by Janine N. Truitt
The fourth industrial revolution is upon us, and “disruption” is the theme. The World Economic Forum reports that this revolution, “includes developments in previously disjointed fields such as artificial intelligence and machine learning, robotics, nanotechnology, 3-D printing, and genetics and biotechnology.” All of which are supposed to not only disrupt how we do business, but also usher in the need for an entirely different labor market within the next five years.
According to a MIT Technology Review article from 2016, the White House stated, “that it believes future presidents should try to shape how AI technology evolves and is deployed.” This sentiment was echoed in a recent Q&A with Mo Gawdat, former chief business officer for Google X, at UNLEASH 2018 in Las Vegas. In this discussion, Gawdat shared a similar sentiment: we are at an “inflection point”—you may even say, a reflection point. His sense and mine is that we need to reflect on who we are and what we have become in the past five decades or so. It is from that point of view that we need to envision the world we want. The inflection point, in some regard, is already upon us, but from some reflection we can start to think of some ways that working with smarter technologies can improve our way of life and work. Part of the concern Gawdat has expressed is cognitive technologies such as AI will be (and are currently) learning from us based on the information that lives in our systems and on the Internet. If we look at that information objectively, there are far more data points filled with fear, discrimination, poor practices, and anger on our servers than positive examples for the world we want for the future. The good news here is we have the ability to change it—by changing the way we do things now, instead of waiting for a prime time in the future.
“HR can’t afford to have change happen to it.”
I am encouraging my fellow HR practitioners to see this turning point in humanity and history as a prime opportunity for our profession. Yes, we will need to reskill and adapt to new expectations, but that’s true with every technological evolution and previous industrial revolutions. In return, we have also gained many degree fields, jobs, and sectors people couldn’t have dreamt of 30–40 years ago. The emergence of cognitive technologies is no different. We will gain new jobs, sectors, and ways of operating in business. In fact, the same World Economic Forum report states that, amidst the loss, we will add 2.1 million jobs in more “specialized” job families, such as computer and mathematical or architecture and engineering.
By the way, did you forget that these technologies are being developed by us humans? Remembering this fact means that how the emergence of cognitive technology proliferates is largely dependent on the latitude and capabilities we give them. In other words, we ought to define the moral and ethical limits to meet our expectations. Although, according to Gawdat, with smarter technologies, it’s not a matter of “if,” but rather “when” machines exceed human intelligence, which is reported to happen in 2029.
Here are some reasons why HR should be driving change as we continue to explore how we can best work with technology:
- Assessing human capability. Do you know what the collective and individual capabilities, interests, and motivations of your workforce are? Chances are your answer is “no,” but this is a great place for us to start engaging AI products to assess organization-wide sentiment, so we can start solving for some of the more pressing workforce issues.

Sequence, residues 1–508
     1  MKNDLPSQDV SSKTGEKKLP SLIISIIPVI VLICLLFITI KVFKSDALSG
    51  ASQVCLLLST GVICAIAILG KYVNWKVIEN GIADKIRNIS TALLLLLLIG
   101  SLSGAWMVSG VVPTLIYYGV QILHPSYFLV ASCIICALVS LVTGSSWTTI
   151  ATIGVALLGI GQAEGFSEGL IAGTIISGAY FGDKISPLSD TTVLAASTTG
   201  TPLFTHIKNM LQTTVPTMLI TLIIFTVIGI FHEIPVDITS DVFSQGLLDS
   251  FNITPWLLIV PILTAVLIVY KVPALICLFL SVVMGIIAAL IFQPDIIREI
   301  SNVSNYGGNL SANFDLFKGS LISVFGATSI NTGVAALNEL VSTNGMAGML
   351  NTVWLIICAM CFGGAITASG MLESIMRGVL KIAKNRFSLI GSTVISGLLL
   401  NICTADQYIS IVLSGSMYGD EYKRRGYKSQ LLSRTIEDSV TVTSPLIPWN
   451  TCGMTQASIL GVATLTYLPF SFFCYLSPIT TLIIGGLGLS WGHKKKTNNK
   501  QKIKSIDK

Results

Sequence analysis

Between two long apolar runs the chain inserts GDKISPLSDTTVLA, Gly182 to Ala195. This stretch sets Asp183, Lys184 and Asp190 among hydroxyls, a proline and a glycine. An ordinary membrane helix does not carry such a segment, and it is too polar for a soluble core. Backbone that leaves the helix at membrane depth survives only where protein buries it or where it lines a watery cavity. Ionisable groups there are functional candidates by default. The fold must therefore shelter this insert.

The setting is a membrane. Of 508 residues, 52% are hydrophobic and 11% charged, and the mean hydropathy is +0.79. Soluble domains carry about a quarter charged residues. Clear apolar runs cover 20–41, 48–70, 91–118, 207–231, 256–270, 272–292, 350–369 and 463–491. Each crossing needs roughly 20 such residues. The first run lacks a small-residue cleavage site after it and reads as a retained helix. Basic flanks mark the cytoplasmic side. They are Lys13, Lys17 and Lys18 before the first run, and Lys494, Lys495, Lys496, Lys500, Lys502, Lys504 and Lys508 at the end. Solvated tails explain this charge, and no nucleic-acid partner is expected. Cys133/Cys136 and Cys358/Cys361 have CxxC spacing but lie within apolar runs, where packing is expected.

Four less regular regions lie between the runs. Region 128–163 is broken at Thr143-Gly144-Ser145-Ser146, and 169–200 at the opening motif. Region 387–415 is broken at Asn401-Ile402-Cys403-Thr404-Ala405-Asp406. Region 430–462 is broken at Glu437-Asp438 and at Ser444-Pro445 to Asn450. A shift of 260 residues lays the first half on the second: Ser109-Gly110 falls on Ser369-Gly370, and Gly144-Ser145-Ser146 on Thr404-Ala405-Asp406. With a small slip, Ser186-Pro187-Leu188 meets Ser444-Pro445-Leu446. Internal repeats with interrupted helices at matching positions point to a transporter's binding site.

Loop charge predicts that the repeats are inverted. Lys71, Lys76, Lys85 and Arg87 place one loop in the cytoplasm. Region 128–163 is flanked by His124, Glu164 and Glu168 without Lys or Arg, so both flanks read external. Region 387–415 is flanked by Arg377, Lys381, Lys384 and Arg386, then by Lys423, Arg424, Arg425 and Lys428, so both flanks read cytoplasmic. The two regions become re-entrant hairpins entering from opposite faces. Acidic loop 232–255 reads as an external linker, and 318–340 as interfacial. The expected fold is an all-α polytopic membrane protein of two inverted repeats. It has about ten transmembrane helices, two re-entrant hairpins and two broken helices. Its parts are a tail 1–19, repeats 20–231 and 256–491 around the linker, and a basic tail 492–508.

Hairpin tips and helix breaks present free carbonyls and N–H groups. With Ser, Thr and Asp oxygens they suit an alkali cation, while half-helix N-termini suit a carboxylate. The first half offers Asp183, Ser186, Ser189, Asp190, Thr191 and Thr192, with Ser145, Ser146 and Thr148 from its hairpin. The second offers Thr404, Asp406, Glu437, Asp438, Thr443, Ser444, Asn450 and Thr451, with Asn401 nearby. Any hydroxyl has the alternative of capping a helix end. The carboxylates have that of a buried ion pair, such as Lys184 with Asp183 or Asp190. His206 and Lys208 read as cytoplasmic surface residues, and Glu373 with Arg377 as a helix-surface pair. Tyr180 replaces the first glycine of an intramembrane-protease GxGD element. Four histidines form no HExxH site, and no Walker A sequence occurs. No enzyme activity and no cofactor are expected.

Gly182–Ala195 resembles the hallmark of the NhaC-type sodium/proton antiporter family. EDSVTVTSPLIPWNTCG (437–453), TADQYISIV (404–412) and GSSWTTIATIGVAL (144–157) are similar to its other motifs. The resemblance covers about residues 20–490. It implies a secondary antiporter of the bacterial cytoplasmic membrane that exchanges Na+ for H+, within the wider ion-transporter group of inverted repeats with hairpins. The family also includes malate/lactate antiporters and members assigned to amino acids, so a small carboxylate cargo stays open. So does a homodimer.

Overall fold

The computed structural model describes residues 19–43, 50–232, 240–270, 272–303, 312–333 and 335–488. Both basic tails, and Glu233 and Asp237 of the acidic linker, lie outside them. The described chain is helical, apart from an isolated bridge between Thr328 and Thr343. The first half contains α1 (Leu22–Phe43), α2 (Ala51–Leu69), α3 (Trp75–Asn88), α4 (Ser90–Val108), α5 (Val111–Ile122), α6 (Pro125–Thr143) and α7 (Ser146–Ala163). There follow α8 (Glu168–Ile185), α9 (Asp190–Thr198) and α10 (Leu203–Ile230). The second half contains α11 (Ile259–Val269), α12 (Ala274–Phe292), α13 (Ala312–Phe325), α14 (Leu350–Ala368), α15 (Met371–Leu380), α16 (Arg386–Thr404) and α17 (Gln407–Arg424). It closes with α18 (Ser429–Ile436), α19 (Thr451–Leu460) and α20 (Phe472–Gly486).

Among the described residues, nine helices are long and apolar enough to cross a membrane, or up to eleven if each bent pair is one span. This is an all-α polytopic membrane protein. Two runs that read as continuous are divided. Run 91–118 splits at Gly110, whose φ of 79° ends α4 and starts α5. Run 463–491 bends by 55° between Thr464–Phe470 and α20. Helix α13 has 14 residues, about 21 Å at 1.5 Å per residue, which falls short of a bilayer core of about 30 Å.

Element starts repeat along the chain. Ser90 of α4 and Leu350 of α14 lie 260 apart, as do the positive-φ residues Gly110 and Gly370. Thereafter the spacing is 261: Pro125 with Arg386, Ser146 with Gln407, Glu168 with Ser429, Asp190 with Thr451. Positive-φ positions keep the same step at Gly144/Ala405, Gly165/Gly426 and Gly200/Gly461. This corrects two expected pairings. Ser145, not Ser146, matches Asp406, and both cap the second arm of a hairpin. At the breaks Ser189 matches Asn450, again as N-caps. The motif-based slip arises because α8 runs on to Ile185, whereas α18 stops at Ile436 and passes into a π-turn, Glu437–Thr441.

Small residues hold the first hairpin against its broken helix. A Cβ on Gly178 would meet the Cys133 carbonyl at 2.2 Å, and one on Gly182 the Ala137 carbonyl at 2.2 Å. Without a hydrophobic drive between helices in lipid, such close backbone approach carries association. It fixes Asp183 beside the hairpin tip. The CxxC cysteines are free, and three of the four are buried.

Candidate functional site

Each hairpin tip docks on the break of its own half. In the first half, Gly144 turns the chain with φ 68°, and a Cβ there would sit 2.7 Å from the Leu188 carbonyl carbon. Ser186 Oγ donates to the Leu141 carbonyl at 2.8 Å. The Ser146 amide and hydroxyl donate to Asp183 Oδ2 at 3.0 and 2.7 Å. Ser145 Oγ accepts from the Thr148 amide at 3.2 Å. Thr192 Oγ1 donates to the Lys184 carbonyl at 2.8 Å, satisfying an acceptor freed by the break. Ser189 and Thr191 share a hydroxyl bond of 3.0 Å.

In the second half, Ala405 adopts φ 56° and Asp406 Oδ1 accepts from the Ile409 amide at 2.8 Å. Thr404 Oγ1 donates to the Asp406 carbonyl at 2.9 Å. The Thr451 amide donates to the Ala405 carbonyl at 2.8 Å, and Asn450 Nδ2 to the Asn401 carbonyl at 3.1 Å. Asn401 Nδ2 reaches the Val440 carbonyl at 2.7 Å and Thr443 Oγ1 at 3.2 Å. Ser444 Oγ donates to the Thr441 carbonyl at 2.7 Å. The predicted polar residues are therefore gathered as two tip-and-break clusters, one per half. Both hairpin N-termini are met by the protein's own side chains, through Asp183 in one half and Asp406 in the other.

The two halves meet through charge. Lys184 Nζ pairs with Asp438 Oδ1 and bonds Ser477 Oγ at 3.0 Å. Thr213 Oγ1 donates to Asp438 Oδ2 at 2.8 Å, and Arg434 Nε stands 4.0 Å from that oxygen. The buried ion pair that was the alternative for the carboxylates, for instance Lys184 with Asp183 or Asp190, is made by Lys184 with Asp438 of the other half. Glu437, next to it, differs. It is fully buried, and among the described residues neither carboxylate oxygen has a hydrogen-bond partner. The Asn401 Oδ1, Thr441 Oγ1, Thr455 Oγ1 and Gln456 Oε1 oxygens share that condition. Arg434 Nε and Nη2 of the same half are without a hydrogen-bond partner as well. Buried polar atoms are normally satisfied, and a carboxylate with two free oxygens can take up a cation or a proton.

- Clarity and efficiency. If we’re honest, we have never been able to control human behavior, nor have we been great at predicting it. All we really have success in is creating the best possible circumstances for our workforces to thrive. Our imminent partnership with smarter technologies means we can finally be better at using the data we have to predict, forecast, and model workforce outcomes.
- HR and humanity still have a purpose. The human touch is still needed in everything we do, because humans haven’t altogether stopped being human. Let’s face it: many of the technologies reported to shift the way we work are not going to be great or reliable for a long time to come. That said, while they are becoming great and exceeding our ability to cognate, there is still time to decide what is best left to the machines to do and where our real value proposition lies in the future as an industry.
In a lot of ways, the things we fear about robots and AI are misguided. What we fear are not the actual technologies, but the change it is ushering in and the perceived lack of control we have to change the trajectory of humanity. You can’t manage what you don’t acknowledge or keep record on.
Here are some more ways to participate in the shift:
- Educate yourself and your teams as much as you can on AI, natural language processing, robotics, virtual reality, and augmented reality. It’s less scary when you’ve assessed them yourself rather than relied on others’ fear-based anecdotes. The more you know about the technologies you will be interacting with, the better.
- Speak up. Presuming that you are using technology in the way of an applicant tracking system or HCM solution currently, it is safe to think your respective vendor will start to implement any one of these smarter technologies as part of your current product suite. Be sure to communicate how they can continue to serve you best. It should not be about implementing smarter technologies for the sake of being cool—it needs to be applicable to the organization and practitioner’s needs.
There are no right or wrong answers in how we best partner with technologies going forward. The goal should be to move forward together for the better of everyone involved.